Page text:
Jess & I have been out late playing the odds in Vegas at the AHIP conference. This #healthtechdeals has a special appearance from our friend Lara Dodo at Newtopia, and then there are deals for Proximie ($80m), Abacus Insights ($28m), AI VF ($25m), Florence Health ($27m) & Cara Care ($7m) –Matthew Holt
BY JESS DaMASSA, WTF HEALTH
With 61% of American adults reporting a negative behavior change – troubled sleep, changes in diet, increased alcohol consumption, more time on screens, etc. – as a result of the pandemic, AND healthcare payers looking at 2022 cost increases in the range of 8-10%, one has to wonder just how bad our collective health has become thanks to the past two years.
Jeff Ruby, CEO of tech-enabled habit change provider, Newtopia, shares some startling stats about our population’s health, particularly when it comes to those lifestyle-related metabolic disorders that his company is trying to prevent. And, thus, we get into a fiery conversation about condition prevention versus condition management… at-risk payment models versus per-member-per-month models… behavior change versus prescription drugs… and whether or not a biz like Newtopia (running at-risk on goals related to prevention) is better placed or worse off as a result of this population that, though sicker and riskier than before, is showing up in greater numbers to try their program.
It’s clear where Jeff stands with his genetics-plus-behavioral-psychology-based platform, but questions about how to best handle our population’s health as the pandemic wans are still very much up for debate. Even on the public markets – Newtopia was one of the first digital health companies to go public during the pandemic, hitting the Canadian TSX as $NEWUF in March 2020 – investors’ sentiment for virtual care just isn’t what it used to be. Maybe we can apply some behavior change psychology there too? (wink, wink) Though Jeff talks about “uncertainty about how US healthcare works” in the context of the market, it seems like that “uncertainty” is also pervasive in our approach to spending for chronic care – especially now. Are dollars toward prevention dollars that are better spent? A compelling case is made…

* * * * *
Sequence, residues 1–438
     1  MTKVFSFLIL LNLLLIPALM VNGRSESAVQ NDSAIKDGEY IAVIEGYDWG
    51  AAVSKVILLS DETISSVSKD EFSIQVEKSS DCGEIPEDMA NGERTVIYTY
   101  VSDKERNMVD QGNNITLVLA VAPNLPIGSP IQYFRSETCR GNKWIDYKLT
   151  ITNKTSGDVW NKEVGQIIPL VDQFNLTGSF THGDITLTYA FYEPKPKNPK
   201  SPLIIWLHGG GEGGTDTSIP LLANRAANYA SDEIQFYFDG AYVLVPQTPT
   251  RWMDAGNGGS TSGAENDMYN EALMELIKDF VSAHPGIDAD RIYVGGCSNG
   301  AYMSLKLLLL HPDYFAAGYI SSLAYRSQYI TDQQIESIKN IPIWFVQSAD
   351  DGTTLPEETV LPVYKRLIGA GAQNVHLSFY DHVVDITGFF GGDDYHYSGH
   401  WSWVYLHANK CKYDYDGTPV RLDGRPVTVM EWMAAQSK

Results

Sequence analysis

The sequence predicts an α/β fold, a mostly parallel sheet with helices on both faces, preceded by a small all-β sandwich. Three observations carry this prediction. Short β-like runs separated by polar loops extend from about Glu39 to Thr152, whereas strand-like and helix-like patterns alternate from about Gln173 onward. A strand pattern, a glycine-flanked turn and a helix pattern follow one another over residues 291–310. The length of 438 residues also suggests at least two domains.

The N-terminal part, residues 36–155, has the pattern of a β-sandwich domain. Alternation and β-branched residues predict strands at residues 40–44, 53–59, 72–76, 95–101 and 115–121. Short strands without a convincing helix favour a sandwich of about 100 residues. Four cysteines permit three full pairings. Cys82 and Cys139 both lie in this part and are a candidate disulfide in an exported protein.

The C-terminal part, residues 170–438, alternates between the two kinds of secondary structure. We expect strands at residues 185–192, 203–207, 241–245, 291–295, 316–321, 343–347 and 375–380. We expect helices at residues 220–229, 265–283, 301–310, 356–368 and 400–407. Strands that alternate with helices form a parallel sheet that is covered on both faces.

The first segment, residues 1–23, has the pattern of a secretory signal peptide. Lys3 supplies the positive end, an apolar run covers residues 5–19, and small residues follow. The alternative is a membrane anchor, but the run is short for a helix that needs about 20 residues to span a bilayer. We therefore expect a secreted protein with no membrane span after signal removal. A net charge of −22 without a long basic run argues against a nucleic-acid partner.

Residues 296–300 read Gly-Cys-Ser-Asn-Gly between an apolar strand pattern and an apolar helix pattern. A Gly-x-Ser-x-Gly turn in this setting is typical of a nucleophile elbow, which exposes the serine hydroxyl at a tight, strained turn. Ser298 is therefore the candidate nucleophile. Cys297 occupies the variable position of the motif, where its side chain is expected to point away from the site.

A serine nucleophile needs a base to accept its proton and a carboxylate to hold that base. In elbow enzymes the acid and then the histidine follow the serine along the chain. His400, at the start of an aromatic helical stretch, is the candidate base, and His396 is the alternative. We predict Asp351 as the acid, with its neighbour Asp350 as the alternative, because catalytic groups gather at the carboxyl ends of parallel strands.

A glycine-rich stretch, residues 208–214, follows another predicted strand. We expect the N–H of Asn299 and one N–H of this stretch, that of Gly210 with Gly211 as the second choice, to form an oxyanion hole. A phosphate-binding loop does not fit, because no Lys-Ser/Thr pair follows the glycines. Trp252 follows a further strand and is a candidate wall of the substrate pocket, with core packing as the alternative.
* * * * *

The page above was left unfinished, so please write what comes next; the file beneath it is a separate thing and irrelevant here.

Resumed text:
By JESSICA DaMASSA, WTF HEALTH
Chronic disease prevention is often lumped into chronic disease management – but should it be? Aren’t there different nuances to preventing diseases than to treat them? Making the case that healthcare’s “primary prevention” businesses deserve their own category is the CEO of Newtopia, Jeff Ruby. Newtopia’s just announced the creation of a new category of healthcare provider, the Habit Change Provider, in effort to more accurately describe the role of companies working to change the way people behave in their everyday lives. What they eat, whether or not they exercise, how they deal with stress and anxiety – in short, this is the business of influencing the many micro-decisions that, cumulatively, add up to our overall health and whether or not we’ll be impacted by “lifestyle diseases” like diabetes, obesity, heart disease, mental health issues, and more.
Newtopia’s been in this business for over a decade, starting its path to commercialization with Aetna and a three-year randomized control trial of more than 2,800 Aetna employees that proved the power of prevention: physical risk reduction, clinical cost savings, and the “holy grail” of any population health model, in-year ROI. So confident is Newtopia in their approach that the company goes at-risk on outcomes, a compelling enough value proposition to attract clients like Accenture, JP Morgan Chase (and it’s now defunct joint-venture with Amazon and Berkshire Hathaway, Haven) and the whole of CVS Health (which acquired Aetna.)
Is this starting to sound different than those chronic condition management companies yet? Listen in to hear more about the details behind Newtopia’s approach, which even leverages genetic testing to “remove blocks for habit change” by helping people identify what they’ve inherited from their parents (slow metabolism, difficulty processing fats, body’s ability to handle stress signals) so they can get past blaming themselves and start developing healthy lifestyle improvements.